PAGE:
Lincoln Completes Final Fast Cruise, Begins Sea Trials

Story Number: NNS070701-09Release Date: 7/1/2007 10:48:00 PM
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By Mass Communication Specialist Seaman Brandon Wilson, USS Abraham Lincoln Public Affairs

PACIFIC OCEAN (NNS) -- USS Abraham Lincoln (CVN 72) spent the final days of its nine-month stay in Naval Base Kitsap Bremerton completing its official "fast cruise" June 23-25, in preparation for the ship's long-awaited departure and return to sea June 26.

The fast cruise was Lincoln's last training simulation before getting underway. According to Lt. John Brady, assistant strike operations officer, the intent was to minimize the effect of shipyard work on board, and have the full focus of Lincoln's crew.

"Fast cruising certainly helps the commanding officer identify any weaknesses within the watch teams, within the administrative paperwork and timing of watch stations being manned," Brady said. "It lets people know what to do and where to go prior to actually getting underway."

Eight weeks of overnight, simulated-underway periods prior to the fast cruise included scenarios to make best use of the crew's time for training while the ship was still undergoing maintenance.

"All the things we've been drilling on are very perishable skills," said Lt. Cmdr. Matthew Byrne, training officer. "Not just in the grand scheme of us being in the shipyards and not at sea for nine months, but even on a week-to-week basis. There are lots of opportunities for people to get complacent."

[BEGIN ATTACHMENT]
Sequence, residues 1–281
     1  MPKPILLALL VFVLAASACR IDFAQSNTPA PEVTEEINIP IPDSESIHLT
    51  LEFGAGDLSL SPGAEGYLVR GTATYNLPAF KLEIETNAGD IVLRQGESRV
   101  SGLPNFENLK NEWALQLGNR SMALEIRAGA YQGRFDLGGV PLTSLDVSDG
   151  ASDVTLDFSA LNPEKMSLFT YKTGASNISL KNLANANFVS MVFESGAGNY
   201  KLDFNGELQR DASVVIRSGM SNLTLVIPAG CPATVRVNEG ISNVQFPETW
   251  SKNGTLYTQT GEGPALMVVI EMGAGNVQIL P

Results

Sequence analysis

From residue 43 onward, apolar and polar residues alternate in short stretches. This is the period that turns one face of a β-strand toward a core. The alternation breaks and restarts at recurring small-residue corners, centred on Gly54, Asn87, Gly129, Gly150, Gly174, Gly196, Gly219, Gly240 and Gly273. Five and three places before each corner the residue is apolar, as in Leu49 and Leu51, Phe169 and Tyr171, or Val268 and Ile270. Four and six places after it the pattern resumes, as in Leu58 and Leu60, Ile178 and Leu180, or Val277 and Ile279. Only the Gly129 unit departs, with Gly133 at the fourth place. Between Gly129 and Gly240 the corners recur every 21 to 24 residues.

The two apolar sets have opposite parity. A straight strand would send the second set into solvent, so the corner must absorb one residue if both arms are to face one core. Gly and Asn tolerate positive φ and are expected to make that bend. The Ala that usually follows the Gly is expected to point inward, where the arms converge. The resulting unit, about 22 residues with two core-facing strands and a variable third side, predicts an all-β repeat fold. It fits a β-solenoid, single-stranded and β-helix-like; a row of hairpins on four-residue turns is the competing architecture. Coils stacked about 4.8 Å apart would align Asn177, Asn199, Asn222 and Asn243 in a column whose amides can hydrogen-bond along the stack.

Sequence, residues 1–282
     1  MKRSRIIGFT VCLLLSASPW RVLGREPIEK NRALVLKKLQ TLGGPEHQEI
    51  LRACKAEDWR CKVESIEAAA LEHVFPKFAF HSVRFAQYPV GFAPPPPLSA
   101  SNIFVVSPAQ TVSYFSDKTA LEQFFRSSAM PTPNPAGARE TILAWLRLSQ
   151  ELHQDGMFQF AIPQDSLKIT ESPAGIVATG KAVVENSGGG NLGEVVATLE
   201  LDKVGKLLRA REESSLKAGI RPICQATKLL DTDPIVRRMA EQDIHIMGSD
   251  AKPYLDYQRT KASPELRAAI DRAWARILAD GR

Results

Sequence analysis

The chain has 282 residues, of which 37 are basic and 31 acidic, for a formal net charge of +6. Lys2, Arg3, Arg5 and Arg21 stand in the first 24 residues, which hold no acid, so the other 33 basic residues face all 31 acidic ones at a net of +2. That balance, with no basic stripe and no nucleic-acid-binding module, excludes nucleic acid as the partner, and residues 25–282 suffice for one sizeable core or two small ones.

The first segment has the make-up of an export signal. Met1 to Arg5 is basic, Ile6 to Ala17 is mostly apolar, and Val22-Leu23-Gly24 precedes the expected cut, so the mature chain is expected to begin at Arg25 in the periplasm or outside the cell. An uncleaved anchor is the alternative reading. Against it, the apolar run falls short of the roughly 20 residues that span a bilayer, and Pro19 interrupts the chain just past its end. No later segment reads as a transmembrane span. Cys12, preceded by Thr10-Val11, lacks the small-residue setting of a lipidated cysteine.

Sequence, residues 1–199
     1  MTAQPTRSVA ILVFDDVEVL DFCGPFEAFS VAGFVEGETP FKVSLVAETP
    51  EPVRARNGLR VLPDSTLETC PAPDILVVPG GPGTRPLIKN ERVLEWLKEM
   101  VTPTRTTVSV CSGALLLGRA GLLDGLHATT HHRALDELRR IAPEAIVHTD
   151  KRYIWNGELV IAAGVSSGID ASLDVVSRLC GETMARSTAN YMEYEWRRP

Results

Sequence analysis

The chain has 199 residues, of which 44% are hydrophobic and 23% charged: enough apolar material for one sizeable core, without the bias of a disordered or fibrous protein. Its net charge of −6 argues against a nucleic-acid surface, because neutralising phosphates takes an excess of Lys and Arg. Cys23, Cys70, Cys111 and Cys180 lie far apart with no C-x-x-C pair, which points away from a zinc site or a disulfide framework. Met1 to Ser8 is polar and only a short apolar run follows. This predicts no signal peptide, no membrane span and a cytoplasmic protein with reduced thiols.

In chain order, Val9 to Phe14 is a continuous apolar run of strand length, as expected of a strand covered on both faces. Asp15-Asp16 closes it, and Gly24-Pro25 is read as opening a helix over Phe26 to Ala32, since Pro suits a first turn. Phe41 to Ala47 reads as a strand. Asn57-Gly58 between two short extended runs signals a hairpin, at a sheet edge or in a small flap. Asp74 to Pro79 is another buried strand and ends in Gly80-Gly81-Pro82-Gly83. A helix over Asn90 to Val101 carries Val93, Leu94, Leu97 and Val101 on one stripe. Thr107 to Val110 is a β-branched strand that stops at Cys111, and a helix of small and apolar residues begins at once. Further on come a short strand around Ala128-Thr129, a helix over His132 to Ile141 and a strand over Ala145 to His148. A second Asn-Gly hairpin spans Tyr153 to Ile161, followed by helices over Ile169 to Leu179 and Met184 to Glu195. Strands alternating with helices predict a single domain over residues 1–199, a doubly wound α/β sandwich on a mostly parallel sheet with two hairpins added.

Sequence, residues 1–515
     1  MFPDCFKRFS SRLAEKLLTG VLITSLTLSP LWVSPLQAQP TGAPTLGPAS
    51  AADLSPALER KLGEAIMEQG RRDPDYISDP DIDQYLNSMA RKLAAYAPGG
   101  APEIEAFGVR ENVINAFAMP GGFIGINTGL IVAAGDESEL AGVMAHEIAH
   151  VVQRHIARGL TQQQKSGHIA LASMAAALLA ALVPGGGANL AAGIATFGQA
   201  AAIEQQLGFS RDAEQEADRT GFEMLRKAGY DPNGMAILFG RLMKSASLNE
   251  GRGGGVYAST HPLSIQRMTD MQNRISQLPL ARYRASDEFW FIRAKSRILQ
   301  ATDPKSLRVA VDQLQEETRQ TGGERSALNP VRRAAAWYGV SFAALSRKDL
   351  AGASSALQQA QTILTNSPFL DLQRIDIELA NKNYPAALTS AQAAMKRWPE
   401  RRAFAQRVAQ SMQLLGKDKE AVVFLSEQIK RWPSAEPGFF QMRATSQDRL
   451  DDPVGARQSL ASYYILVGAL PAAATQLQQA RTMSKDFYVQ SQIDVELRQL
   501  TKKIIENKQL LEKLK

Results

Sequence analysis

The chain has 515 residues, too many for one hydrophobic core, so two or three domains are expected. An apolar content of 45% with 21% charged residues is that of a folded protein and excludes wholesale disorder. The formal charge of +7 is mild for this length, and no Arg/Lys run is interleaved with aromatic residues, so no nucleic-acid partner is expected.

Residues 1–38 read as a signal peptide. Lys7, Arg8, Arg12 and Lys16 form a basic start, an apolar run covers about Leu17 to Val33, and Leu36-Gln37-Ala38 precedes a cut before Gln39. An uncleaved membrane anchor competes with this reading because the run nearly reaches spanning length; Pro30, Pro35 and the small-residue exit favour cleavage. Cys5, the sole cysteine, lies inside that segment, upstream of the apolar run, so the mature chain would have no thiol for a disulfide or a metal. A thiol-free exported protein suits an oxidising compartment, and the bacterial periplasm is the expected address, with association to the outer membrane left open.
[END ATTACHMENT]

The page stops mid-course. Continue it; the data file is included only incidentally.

The simulations have also proved useful by giving some Sailors a chance to gain more hands-on experience with shipboard procedures and equipment used while underway.

"Because of the fact that we've been in the shipyards for so long, we probably have about a third of the crew that's never been out to sea on this ship before," Byrne said. "Everybody's been to fire-fighting school, they've got the book knowledge. Now it's time to put that book knowledge to practice."

Lincoln's stay in Naval Base Kitsap not only prepared the ship for sea, but also prepared the crew for sea with several general quarters, man overboard, abandon ship, propulsion plant casualty drills, and fire drills. Whether in port or at sea, the crew is being tested to identify their strengths and what improvements can be made.

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